This article is part of NYU Langone's Voice Center's Research on Recurrent Respiratory Lesions Guides Clinical Management, Otolaryngology–Head & Neck Surgery Year in Review, Otolaryngology–Head & Neck Surgery 2015 Year in Review.
Clinical Trial Tests Cell Therapy for Vocal Cord Scarring
A clinical trial under way at the Voice Center is testing an innovative, experimental therapy for dysphonia associated with vocal fold scarring and age-related vocal fold tissue changes. The industry-funded trial employs autologous fibroblasts harvested from post-auricular skin, which are then injected into the vocal fold.
The Voice Center is one of three sites nationwide participating in the phase II trial led by Exton, Pennsylvania–based Fibrocell Science. The company developed an autologous fibroblast technology platform, known as azficel-T, which enables clinicians to extract fibroblasts, cultivate them in the laboratory, and inject them into the patient’s vocal folds. The use of autologous cells decreases the chance of rejection by the immune system.
“Since current therapies only address poor vocal fold closure, but do not address the underlying issue of tissue changes, the clinical implications for this therapy could be quite significant,” says Ryan C. Branski, PhD, associate professor of otolaryngology and associate director of the Voice Center. “Fibroblasts could potentially ‘regrow’ normal tissue and improve voice quality.”
The trial has enrolled 22 patients across 3 sites, including 8 patients at NYU Langone. Already FDA-approved for esthetic indications to improve the appearance of the nasolabial folds, the treatment is being tested for other medical uses, including burn scarring.
Study Develops First Models for Laryngeal Burn Injuries and Healing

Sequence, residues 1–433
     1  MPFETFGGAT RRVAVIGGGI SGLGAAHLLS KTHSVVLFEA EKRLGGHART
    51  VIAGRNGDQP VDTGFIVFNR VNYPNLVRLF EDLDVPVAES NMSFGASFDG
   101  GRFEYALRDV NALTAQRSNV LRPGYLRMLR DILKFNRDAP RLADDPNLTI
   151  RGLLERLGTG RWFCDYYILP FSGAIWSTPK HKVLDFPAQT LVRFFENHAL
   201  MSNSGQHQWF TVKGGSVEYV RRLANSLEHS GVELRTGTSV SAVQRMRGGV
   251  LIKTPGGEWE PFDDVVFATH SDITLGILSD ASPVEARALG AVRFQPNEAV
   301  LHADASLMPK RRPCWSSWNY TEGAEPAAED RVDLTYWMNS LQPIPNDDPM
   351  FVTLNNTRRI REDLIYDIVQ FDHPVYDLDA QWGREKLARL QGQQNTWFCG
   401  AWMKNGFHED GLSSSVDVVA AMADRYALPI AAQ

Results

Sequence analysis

Despite the fact that patients who survive inhalation burns are at risk for long-term voice and laryngeal dysfunction, most burn research focuses on acute lung injury. Supported by a grant from the American Laryngological Association, researchers at the Voice Center embarked on a study to better understand laryngeal burn injuries, with an eye toward development of improved treatments.
Under the leadership of Gregory R. Dion, MD, a fellow in laryngology at the Voice Center, a custom heat and smoke delivery device was created to quantify healing patterns in an animal model following different laryngeal burn exposures. Previously, no models existed to study these injuries and subsequent repair processes, likely underlying the lack of data to guide care in this challenging patient population. Dr. Branski and Milan R. Amin, MD, associate professor of otolaryngology, chief of the Division of Laryngology, and director of the Voice Center, are mentors and co-investigators on the project.
By quantifying differences in injury and wound healing patterns as well as in the role of smoke exposure, the researchers hope to learn more about how inhalation burn injuries affect laryngeal tissues and function. The work will lay a foundation for future interventional studies, with the goal of improved treatments for this underserved population. Says Dr. Dion, “Our data will provide critical foundational information about the mechanisms underlying this specialized injury. It will provide a model for developing effective therapeutic approaches to improve and control the wound healing process.”